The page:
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Matsui Adds an Explosive Stage Presence to All-Star Fusion Tour

April 18, 1993|DON HECKMAN | Don Heckman writes regularly about music for The Times.

The first sight of Keiko Matsui in action is one of the most provocative in contemporary instrumental music. At the start of a performance, she is almost out of sight behind banks of keyboards--a small, even reticent-appearing figure.

But when she straps an electronic keyboard instrument over her shoulder and moves to center stage, a dramatic transformation takes place. Slamming into head-to-head jams with the other players, knocking out riffs with the dynamic vigor of a heavy-metal rock guitarist, Matsui becomes an electrifying performer. Jazz critic Leonard Feather has described her as "a fluent soloist and one of the most attractive new additions to the fusion field."

Matsui appears at the Wiltern Theatre on Saturday night with an all-star group as part of a tour called "A Night on the Town." The ensemble is a kaleidoscopic mixture of contemporary pop and jazz fusion artists, also spotlighting South African trumpeter Hugh Masekela, saxophonist Gerald Albright, guitarist Marcus Loya, pianist Dan Siegel, drummer Bernie Dresel and singers Chaka Khan and Philip Bailey. The tour's musical director is Matsui's husband, Kazu.

"I'm really looking forward to working with all these wonderful players," Matsui, 30, said during a North Hollywood rehearsal shortly before the tour began. "The music will not exactly be mine, and not exactly be anyone else's, but it will be a combination of all of us together."

Kazu Matsui agreed: "It will definitely be an unusual mixture. In fact, the first day of rehearsal was disastrous. It was like some burrito here, a bit of sushi there, a little African food over here. And I didn't know what to do, even though it's my job to be music director. But now it's getting together. We decided, from the beginning, not to expect anything--just see what happens, and enjoy it. And now it's getting to be fun."

The results have turned out to be equally pleasing to audiences on the 30-city tour. Early reviews from newspapers such as the Cleveland Plain Dealer have referred to Keiko's "explosive keyboard playing," and described "A Night on the Town" as "a night out of this world."

It's all a heady experience for the Tokyo-born keyboardist, who was captivated by jazz at age 12 and accepted into the Yamaha Music Foundation's advanced studies program in Tokyo as a teen-ager.

When she was 20, Keiko became the centerpiece for an all-female, fusion jazz group called Cosmos, which was organized by Yamaha. She met Kazu when he produced a concert and a promotional recording for the ensemble. Two years later, they were married.

Their first commercial album, "A Drop of Water," was done on a plain-wrap budget, using their honeymoon money to cover recording costs.

"Yes," added Keiko, "and my father's American Express card to pay for airplane tickets. But right after the album came out, we arrived at the airport (in Los Angeles) from Japan, got in the car, turned on the radio and heard one of my songs. I couldn't believe it. All the sacrifices were worthwhile."

The duo has been on a fast track ever since. Keiko's current release, "Cherry Blossom," is her fifth in the United States. Her previous CDs have scored well on the New Adult Contemporary charts, with "Night Waltz" reaching number eight on the Billboard listings.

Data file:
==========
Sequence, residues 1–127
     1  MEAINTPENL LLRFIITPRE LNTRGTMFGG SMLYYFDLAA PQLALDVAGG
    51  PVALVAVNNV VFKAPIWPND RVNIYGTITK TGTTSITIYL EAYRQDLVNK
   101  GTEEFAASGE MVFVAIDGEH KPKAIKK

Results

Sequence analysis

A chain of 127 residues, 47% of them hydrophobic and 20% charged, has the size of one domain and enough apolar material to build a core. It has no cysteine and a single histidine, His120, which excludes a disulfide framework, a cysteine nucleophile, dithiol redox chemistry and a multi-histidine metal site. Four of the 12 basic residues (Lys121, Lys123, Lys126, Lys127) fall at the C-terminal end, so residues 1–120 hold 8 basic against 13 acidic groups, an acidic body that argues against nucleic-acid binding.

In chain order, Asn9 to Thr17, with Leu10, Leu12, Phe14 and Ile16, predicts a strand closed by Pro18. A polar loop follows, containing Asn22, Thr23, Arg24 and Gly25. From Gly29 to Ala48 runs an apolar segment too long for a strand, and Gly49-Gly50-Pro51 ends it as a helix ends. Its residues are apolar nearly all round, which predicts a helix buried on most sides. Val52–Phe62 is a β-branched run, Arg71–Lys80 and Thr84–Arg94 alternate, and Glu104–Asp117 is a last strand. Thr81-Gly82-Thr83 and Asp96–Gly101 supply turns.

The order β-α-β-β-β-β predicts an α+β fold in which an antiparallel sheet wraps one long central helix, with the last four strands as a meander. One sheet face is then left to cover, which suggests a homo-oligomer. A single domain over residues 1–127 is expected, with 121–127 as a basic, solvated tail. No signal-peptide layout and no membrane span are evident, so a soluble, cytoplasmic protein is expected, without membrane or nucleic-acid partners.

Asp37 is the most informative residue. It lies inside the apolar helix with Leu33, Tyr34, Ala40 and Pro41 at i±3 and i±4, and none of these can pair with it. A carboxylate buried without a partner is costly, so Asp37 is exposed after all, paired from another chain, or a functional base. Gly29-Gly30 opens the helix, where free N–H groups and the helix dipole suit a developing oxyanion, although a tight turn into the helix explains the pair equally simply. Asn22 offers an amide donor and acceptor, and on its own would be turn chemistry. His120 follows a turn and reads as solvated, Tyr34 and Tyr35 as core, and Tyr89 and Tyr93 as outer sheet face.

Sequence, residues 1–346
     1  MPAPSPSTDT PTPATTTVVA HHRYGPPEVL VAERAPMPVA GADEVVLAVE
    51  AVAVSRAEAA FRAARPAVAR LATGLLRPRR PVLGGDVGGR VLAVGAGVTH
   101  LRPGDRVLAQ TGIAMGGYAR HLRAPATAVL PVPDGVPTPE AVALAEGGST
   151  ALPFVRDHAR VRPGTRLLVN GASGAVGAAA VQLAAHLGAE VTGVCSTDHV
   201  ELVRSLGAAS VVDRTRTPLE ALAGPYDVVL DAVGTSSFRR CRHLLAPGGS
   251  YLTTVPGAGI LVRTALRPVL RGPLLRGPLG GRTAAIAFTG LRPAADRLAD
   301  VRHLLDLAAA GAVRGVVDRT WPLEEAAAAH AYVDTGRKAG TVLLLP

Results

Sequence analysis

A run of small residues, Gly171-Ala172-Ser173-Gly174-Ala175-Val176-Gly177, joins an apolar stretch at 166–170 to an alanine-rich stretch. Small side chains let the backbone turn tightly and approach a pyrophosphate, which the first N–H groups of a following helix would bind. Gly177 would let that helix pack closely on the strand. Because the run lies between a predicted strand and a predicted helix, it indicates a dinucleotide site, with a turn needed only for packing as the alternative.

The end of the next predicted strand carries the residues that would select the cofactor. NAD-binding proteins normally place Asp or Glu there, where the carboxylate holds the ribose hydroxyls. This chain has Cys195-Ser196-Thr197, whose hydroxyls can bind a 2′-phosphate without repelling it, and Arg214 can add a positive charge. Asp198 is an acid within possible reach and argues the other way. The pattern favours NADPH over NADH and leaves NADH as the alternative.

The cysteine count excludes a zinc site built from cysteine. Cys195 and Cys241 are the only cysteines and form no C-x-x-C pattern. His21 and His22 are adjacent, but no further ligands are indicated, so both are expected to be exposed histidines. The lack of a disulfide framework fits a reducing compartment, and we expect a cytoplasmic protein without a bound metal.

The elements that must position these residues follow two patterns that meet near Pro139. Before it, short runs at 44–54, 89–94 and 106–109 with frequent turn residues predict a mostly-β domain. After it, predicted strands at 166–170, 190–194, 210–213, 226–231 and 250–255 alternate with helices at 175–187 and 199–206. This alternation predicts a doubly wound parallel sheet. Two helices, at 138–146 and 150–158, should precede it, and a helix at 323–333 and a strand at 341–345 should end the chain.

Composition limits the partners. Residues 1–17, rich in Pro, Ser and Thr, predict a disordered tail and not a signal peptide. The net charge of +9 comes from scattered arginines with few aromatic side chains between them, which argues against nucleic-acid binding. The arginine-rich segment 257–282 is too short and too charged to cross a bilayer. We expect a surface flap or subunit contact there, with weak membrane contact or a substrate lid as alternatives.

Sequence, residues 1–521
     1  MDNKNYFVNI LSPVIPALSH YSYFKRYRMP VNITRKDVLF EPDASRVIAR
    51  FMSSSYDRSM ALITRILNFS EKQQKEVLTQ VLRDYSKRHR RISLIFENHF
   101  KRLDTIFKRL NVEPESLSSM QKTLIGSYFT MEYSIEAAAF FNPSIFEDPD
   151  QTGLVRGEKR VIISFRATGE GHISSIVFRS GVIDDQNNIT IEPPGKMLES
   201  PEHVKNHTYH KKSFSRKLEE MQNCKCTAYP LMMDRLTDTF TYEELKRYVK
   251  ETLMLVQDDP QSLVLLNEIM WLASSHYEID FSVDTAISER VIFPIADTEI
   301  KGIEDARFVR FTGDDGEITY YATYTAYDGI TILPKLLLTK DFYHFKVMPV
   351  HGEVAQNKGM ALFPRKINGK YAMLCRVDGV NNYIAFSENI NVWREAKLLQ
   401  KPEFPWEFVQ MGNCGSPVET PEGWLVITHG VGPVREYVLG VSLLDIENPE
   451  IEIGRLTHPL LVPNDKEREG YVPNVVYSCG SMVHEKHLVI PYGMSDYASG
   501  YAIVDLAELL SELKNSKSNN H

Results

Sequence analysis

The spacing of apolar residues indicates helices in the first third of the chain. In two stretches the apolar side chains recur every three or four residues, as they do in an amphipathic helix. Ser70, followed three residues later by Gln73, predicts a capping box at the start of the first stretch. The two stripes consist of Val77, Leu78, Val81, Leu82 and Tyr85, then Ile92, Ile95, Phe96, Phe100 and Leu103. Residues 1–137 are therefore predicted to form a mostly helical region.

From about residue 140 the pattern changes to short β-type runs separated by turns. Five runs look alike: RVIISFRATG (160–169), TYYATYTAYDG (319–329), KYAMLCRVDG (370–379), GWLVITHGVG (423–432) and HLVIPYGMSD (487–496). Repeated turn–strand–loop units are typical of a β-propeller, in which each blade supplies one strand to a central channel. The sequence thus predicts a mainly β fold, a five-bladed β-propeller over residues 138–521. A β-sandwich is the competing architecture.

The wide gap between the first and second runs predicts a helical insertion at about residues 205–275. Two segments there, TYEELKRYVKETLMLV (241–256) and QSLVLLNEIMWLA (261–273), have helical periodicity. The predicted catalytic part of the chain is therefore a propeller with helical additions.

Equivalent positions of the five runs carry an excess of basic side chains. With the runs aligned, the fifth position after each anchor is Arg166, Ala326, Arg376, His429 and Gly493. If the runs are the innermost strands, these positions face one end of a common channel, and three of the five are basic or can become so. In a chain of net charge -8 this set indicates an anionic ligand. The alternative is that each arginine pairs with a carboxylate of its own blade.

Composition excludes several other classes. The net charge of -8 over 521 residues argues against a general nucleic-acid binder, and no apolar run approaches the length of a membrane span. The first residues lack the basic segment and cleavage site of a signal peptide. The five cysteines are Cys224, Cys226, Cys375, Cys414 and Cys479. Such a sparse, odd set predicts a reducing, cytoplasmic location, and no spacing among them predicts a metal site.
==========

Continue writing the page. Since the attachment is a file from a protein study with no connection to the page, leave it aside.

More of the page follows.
Kazu has produced dozens of albums, and, as one of the few seasoned shakuhachi flute players in Los Angeles, is frequently heard on the soundtracks of films (including George Lucas' "Willow" and Steven Spielberg's "Empire of the Sun") and television shows.

Despite the energetic qualities of her performances, Keiko speaks of her music in almost religious terms. "When I play live in concerts," she said, "I feel as though there is a prayer in my music, a spiritual aspect. I'm not a religious person, really, but there is something there that is spiritual. And I think some of it may come from my background in Japan, too. I just know that when I'm playing I sometimes get some strong energy--like my batteries feel recharged from making the music."

Many of her pieces reflect those qualities. Her aggressive jamming aside, Keiko's music tends to sing with an inner lyricism that can be more apparent on her recordings than in her live performances.

She concurs: "When we perform, I try to open up the music to feature more open space for the musicians' improvisational conversations. But when I compose, melody is very important to me, and that's usually what comes first when I write a song." Onstage, Kazu generally limits himself to occasional flute melodies. He is, however, in charge of the production and the business aspects of both their careers.

When the time comes to decide on the material for each new album, Kazu volunteers his preferences among the thematic fragments Keiko has developed, but the final process of making compositions out of bits and pieces of melody is completely up to her.

"The truth is that Keiko is a much better musician than I am," said Kazu. "I see it this way--with me producing and her performing, we have the perfect partnership."

Keiko Matsui and "A Night on the Town" all-star ensemble will perform at the Wiltern Theatre, 3790 Wilshire Blvd., at 7 p.m. Saturday April 24. Tickets are $27 and $37.50. Call: (213) 380-5005.

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